Thursday, 23.11.2017

Martin M. Katz: Clinical Trials of Antidepressants: How Changing the Model Can Uncover New, More Effective Molecules

Martin M. Katz’s reply to Walter Brown’s comment

 

Walter Brown, a highly experienced figure in the clinical trials field, provides a detailed analysis of the book and a sharp, well thought through review of its contents. He points to the failure of the drug industry to come up with novel drugs and the slow pace in uncovering the "little-known specific brain abnormalities" that underlie depression. The monograph he states is persuasive in citing that even if new effects of a trial drug were present, the current model trial is expensive and wasteful and not designed to uncover them. Confining assessment to one depression scale prevents possible specific effects on particular symptoms, like anxiety, or anything novel in the drug's effects, in other words, from being detected. He understands that such studies if they applied a componential approach, would provide a "spectrum of drug actions" not available in the current model. He cites the new model’s strengths in clarifying onset of clinical action, in predicting outcome from early reactions to drugs and the potential for shortening such trials. Regarding limitations, although impressed with the early results reported utilizing the video approach, he is somewhat reluctant to see it applied generally before further data on validity is produced. Also, believing that the "validity of the monoamine hypothesis of drug efficacy is slowly vanishing", he suggests the author stick to psychopathology until there is more clarity concerning neurochemical mechanisms in this area. In summary, the author agrees that results linking behavioral and neurochemical factors are only starting to be uncovered but believes that this area of research is farther along than Brown acknowledges. Nevertheless, Walter Brown sees much to gain by the field attending seriously to the book's proposed changes in the clinical trials model, and provides an excellent overview of its content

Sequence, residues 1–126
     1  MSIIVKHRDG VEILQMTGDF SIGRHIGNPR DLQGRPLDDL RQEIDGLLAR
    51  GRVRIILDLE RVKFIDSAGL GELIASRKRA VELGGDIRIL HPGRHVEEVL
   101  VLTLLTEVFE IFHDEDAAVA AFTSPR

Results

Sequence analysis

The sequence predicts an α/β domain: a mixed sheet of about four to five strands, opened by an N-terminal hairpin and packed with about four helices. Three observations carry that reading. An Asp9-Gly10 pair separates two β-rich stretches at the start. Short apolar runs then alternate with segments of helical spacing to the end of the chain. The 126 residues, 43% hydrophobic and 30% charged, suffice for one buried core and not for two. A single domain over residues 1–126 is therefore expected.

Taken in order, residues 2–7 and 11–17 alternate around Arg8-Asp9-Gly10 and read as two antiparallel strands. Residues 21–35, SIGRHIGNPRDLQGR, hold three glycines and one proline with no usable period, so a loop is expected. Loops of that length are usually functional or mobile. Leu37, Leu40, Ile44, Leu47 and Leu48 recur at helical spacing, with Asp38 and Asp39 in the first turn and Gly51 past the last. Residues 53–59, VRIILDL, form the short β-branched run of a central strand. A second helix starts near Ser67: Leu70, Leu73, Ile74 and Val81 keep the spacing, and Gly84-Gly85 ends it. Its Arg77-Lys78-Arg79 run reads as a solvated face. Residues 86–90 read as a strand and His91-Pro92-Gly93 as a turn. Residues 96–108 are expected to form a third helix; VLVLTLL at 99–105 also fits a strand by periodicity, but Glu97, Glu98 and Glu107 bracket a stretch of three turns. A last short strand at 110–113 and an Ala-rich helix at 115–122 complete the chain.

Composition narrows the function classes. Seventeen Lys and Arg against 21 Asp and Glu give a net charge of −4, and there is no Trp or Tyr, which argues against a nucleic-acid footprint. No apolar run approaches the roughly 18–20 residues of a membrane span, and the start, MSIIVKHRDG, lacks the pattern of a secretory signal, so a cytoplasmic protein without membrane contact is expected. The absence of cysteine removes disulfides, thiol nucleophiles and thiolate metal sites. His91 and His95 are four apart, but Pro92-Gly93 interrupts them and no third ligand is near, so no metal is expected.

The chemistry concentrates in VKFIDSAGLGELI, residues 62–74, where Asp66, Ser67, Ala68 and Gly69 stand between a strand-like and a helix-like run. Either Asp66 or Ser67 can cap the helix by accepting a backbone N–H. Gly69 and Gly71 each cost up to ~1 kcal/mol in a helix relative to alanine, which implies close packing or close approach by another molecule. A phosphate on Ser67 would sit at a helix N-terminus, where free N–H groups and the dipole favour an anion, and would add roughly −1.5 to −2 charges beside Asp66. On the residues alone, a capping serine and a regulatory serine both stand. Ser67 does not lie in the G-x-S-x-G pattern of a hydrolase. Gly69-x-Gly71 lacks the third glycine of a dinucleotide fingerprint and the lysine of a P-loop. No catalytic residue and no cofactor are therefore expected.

Martin M. Katz

July 21, 2016